February 10, 2011

Following their promotions, new managers often experience a curious combination of feelings: pride and panic. Sound familiar?

The pride comes from being recognized as a high performer. You’ve been told you are someone with the potential to help an organization’s product and people improve. The panic comes from another message: a phantom voice in your head that whispers: “This is the day they find out you’re really not qualified for this job.”

You fear that the phantom voice may have a point. After all, you were probably dropped into management with no special training. Yet, each day you’re asked to solve supervisory problems that are often surprising but rarely simple.

That’s why it’s helpful to listen to a few other voices — veteran managers who have walked in your shoes. They’ve been through the pride-and-panic stage. They’ve learned from experience and are willing to share their wisdom.

Candy Altman

At a recent Poynter seminar for New Managers, our visiting faculty instructor Candy Altman brought just such voices into the conversation. Candy’s a corporate VP of news for the Hearst Television stations. She rose through staff and leadership ranks of TV stations, overseeing and mentoring countless managers. She surveyed some of them for her presentation “Six Mistakes New Managers Make.” From their top “new manager” gaffes as well as her own, she developed her list.

I’m sharing it here, and adding links to additional resources on the topics she addresses:

Six Tips for New Managers from Candy Altman

1. Delegate: You can’t do it all yourself, and if you do, two things happen — things won’t get done well and you won’t live up to your responsibility to train those who work for you.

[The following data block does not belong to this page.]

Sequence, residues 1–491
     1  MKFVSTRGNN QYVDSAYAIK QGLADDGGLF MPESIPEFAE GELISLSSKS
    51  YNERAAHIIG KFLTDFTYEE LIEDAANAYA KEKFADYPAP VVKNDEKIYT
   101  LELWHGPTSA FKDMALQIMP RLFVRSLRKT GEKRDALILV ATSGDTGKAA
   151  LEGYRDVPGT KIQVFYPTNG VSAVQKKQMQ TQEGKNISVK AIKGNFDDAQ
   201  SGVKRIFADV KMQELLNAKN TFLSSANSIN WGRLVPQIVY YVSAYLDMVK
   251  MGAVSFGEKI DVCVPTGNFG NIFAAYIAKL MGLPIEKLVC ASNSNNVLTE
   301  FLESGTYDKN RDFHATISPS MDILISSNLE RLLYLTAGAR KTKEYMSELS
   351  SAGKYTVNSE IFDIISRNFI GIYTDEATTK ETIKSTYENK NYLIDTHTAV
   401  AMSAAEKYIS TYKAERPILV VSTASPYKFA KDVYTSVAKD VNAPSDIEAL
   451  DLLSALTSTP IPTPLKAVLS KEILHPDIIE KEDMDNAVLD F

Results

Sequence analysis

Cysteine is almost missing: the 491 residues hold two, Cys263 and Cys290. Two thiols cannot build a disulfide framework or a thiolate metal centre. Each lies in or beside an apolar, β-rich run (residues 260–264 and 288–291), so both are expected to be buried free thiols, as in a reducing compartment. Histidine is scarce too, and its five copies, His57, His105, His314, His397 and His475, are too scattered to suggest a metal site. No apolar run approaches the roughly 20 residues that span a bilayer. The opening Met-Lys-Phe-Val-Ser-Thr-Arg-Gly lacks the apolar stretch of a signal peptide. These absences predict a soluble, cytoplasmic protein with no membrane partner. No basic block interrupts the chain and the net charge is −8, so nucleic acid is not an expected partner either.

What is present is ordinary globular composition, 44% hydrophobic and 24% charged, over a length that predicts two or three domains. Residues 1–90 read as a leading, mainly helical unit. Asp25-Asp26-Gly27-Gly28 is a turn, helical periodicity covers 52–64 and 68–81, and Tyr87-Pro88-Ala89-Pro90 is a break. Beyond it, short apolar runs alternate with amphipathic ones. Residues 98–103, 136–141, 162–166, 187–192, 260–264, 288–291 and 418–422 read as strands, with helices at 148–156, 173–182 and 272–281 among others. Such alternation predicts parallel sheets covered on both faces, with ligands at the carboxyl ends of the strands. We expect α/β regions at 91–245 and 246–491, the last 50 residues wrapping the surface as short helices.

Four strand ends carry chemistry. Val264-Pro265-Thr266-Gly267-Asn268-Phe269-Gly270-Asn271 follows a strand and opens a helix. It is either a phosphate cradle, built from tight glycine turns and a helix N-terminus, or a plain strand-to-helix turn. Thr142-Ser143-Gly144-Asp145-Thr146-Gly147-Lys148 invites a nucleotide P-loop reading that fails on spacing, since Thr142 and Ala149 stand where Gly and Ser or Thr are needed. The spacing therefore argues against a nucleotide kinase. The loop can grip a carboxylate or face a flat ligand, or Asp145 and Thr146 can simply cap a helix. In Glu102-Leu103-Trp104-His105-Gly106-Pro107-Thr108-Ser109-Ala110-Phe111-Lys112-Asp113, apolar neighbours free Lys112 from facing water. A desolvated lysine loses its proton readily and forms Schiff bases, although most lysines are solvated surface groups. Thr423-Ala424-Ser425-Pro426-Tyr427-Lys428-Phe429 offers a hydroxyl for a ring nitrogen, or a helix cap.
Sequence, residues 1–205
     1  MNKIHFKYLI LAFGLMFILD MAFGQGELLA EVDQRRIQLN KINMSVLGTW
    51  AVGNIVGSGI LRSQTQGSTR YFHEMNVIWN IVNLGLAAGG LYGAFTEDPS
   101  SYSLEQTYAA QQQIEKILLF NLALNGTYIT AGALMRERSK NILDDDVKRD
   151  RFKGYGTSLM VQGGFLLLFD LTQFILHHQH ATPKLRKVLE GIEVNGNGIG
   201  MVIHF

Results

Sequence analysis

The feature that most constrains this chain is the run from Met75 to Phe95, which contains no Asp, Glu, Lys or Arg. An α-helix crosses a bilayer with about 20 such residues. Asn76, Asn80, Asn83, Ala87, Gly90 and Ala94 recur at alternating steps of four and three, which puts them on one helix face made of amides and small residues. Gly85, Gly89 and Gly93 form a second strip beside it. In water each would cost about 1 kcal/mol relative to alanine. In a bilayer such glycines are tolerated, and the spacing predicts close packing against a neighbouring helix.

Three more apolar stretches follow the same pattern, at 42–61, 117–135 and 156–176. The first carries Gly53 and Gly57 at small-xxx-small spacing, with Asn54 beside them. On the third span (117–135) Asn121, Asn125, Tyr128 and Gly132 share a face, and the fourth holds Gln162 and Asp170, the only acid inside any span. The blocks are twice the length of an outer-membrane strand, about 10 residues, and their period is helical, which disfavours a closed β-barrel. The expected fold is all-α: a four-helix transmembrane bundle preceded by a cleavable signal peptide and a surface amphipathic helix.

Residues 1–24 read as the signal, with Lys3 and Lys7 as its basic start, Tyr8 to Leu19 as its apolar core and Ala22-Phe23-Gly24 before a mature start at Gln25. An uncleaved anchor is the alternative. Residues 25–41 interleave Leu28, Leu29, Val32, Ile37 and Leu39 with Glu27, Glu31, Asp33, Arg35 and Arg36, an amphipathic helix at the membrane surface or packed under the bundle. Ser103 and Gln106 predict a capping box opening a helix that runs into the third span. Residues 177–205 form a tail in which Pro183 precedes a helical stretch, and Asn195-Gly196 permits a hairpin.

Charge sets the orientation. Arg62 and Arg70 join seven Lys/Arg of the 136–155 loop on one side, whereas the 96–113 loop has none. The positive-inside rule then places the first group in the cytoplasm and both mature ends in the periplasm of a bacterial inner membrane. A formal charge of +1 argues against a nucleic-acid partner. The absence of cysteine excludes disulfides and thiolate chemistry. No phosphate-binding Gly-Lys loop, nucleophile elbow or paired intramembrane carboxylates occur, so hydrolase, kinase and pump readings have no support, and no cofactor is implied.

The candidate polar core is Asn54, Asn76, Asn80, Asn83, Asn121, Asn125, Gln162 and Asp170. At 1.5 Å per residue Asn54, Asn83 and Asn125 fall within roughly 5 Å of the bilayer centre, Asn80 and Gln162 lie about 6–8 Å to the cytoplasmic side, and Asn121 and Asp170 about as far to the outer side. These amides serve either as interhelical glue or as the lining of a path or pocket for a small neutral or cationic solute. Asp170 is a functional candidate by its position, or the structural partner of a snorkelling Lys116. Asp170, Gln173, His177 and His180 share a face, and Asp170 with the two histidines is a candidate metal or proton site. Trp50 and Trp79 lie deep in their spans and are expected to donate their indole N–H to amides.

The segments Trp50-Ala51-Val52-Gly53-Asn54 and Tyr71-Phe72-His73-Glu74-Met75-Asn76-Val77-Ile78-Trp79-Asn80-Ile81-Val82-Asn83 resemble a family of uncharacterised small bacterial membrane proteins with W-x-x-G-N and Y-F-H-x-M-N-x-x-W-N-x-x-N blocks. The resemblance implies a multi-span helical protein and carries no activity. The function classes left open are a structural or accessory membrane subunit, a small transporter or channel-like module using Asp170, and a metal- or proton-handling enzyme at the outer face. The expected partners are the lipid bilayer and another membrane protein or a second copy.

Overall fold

2. Don’t stay in your comfort zone: New managers do this by gravitating toward people like them when hiring and focusing on tasks they know.

3. Adapt your skill set: Recognize that the skills that made you great at your old job may not translate to your new job. Understand that you will be dealing with a lot of gray areas in your new job, where your old job might have been fact-based.

4. Build your time management skills: Build them for work and for your life. If you don’t, you will be tortured all the time and feel like you’re not accomplishing anything. If you don’t find time to enjoy your life outside of work, you will burn out.

5. Know that it’s lonely at the top: Understand, truly understand that managing people can be isolating. You are making decisions that affect your employees’ livelihoods. You are evaluating them and giving feedback. You are no longer their after-work, dinner and drinking companion. Make new friends outside work.

6. Define and communicate a vision: What do you stand for? If you want people to follow you, you must lead with a clear mission.

I hope Candy’s list helps you keep the pride and calm the panic. For good measure, you can check out the list of related posts for new managers below this article. As you can see, aspiring great bosses are our favorite people!

And you can listen to this podcast, in which I identify the one very big and needless nagging fear that new managers should put to rest:

Poynter’s “What Great Bosses Know” podcast is sponsored by The City University of New York Graduate School of Journalism.

You can download the complete series of these podcasts free on iTunes U.

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Jill Geisler is the inaugural Bill Plante Chair in Leadership and Media Integrity, a position designed to connect Loyola’s School of Communication with the needs…
Jill Geisler

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